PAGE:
Rare Coins Slaves To Bullion

Rare Coins Slaves To Bullion
Are the precious metals and collectible coin market one and the same? An argument for a "yes" vote has some merit. If you ignore the truly scarce to rare coins for a moment, how many of the lesser coins of gold or silver buck this trend when these two metals are either rising or falling?

This raises another question. Is there more than one tier to the collectible coin market? Do truly scarce coins, be they better dates or grade rarity coins, go in their own direction regardless of what is happening in the precious metals market, or within reason do they follow the pricing trends both up and down?

One collector remarked that almost every gold and silver coin price that he had changed for a common date in a common condition had been impacted by the almost continual fluctuations, in the spot price of the metals.

The better dates and better condition coin changes have been rising in value, but at much slower pace than the change in metal prices. Changes in these better coins don't appear to be influenced by the metal price at all. Granted there have been noticeable declines as well as jumps in the value of the common date material.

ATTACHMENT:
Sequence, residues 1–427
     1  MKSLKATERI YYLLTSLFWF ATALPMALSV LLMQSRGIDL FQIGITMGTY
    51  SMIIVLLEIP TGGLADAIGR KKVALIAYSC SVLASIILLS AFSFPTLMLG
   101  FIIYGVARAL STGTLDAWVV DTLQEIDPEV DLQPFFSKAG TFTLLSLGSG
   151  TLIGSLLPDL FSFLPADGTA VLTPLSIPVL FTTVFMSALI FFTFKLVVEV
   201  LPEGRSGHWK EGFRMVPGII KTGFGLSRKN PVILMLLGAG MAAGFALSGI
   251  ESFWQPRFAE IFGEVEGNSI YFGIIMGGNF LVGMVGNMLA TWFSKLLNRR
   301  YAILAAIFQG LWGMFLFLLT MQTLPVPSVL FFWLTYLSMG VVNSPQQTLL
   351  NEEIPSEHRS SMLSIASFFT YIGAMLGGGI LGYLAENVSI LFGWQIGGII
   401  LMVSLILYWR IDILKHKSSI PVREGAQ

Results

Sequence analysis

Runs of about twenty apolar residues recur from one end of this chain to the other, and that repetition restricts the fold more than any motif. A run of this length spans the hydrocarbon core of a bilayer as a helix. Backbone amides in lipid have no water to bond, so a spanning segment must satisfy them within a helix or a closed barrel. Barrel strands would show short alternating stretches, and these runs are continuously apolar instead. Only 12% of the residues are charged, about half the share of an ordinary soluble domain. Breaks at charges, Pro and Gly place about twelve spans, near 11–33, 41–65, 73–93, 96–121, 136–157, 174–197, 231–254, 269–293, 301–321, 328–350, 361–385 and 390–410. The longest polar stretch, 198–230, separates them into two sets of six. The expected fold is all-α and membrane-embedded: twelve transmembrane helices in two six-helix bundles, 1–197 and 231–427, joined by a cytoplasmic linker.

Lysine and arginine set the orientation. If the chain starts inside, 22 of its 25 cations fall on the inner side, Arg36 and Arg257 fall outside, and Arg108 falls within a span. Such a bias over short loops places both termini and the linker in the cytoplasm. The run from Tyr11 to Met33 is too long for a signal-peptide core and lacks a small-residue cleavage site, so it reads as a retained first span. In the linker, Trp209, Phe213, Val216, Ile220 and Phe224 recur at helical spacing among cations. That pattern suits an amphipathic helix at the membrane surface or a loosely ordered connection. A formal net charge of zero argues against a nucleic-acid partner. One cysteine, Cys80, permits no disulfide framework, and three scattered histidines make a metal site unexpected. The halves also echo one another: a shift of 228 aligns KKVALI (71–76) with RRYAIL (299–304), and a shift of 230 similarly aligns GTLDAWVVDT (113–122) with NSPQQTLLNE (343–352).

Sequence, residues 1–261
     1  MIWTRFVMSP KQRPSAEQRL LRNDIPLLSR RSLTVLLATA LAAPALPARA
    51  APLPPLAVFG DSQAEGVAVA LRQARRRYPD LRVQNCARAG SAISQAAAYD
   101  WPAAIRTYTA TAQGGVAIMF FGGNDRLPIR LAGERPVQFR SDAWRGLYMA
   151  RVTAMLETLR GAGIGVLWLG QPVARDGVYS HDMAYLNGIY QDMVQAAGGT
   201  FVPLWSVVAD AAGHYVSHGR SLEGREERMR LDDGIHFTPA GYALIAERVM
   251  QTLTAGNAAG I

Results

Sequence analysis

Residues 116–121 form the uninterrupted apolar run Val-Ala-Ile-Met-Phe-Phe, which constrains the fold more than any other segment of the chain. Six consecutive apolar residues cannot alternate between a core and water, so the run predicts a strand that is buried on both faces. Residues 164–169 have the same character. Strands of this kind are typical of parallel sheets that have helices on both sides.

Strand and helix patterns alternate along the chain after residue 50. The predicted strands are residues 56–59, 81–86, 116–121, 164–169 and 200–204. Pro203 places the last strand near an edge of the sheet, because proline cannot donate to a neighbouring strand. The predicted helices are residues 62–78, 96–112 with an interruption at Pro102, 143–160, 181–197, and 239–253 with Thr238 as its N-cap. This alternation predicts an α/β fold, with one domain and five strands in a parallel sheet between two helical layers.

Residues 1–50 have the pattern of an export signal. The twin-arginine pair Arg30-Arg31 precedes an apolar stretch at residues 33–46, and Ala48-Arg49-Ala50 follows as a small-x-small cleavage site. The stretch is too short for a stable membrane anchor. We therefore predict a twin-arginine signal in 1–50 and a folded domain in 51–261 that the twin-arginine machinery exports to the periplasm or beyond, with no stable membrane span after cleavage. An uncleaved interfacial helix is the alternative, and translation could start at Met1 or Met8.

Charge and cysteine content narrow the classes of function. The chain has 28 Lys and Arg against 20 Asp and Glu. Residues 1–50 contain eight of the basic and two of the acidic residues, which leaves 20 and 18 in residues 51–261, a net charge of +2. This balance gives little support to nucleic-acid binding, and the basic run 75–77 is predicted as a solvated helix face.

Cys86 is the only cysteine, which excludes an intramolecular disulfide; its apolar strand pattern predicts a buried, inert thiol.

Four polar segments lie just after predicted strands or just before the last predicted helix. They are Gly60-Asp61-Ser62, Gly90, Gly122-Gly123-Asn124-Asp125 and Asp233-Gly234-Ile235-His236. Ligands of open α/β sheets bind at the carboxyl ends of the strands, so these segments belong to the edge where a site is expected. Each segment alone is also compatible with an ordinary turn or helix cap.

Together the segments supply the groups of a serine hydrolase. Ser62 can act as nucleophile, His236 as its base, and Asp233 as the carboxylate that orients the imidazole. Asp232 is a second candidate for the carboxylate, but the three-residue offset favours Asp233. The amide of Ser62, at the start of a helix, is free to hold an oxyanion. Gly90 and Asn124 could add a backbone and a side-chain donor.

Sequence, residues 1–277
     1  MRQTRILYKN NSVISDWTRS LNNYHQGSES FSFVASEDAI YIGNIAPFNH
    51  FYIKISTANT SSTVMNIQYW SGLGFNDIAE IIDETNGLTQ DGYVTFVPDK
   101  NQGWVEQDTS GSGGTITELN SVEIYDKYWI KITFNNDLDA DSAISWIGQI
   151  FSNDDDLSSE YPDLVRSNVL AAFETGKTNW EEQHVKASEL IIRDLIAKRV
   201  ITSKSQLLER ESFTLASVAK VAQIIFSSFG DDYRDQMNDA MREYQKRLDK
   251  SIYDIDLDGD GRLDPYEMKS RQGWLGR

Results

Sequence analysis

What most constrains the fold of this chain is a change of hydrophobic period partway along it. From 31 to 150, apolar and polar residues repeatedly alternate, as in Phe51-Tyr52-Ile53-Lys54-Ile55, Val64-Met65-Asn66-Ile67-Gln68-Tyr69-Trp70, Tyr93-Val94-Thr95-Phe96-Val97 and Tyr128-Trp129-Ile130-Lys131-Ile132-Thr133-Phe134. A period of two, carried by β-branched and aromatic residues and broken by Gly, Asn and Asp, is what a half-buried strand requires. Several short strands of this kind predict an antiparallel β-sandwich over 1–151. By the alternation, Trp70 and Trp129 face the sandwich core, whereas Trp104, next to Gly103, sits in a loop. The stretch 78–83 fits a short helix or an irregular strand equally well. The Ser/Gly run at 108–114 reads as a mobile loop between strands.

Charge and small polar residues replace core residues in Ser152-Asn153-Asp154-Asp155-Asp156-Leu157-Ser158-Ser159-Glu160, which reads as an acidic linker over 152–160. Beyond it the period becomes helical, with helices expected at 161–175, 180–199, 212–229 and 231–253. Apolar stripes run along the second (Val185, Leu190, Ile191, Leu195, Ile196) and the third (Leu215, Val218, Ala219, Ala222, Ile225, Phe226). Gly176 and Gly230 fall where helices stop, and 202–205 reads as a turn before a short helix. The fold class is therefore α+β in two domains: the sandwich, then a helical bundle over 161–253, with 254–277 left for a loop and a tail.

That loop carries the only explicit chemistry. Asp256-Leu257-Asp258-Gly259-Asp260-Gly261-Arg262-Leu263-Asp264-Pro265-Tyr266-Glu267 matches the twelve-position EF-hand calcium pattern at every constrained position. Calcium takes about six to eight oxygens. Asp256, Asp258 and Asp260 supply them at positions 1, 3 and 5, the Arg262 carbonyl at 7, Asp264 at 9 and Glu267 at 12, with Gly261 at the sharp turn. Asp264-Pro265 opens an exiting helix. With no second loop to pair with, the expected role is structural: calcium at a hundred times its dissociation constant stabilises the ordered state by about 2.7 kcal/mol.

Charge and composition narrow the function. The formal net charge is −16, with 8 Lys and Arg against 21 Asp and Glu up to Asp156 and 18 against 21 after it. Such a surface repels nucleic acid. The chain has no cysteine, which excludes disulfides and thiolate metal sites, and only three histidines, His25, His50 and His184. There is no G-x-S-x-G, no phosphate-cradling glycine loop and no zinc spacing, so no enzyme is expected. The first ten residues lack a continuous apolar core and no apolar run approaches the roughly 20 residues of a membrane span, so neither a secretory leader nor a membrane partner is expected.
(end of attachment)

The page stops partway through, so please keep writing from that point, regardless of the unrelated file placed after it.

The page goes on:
The better coins are overall appreciating in value. Furthermore, there is very little price spread between most of the grades for the common dates. Supply apparently outstrips demand for common dates. Coin dealers are reporting difficulty in stocking scarce to rare coins.

This means the number of active collectors is still lower than it has been historically. This suggests the value of the better coins is being impacted by the economy, while modest collectible coins depend on their intrinsic value.

The coin business itself is comprised primarily of small privately owned businesses. Their performance is very difficult to gauge. Some claim that the dealers do well all of the time. Others may hanker after the so called good old days when they made more money. storefront dealers are usually unwilling to give out any information.

There are a few companies that are publicly traded. A-Mark Precious Metals and Johnson Matthey each buy and sell coins. Primarily, these are bullion-related coins. Nevertheless, they give one a good view of what is going on. The market for quality scarce to rare coins is thriving. Bullion is fueling the rally and the enthusiasm has spilled over into the collectible coin market.

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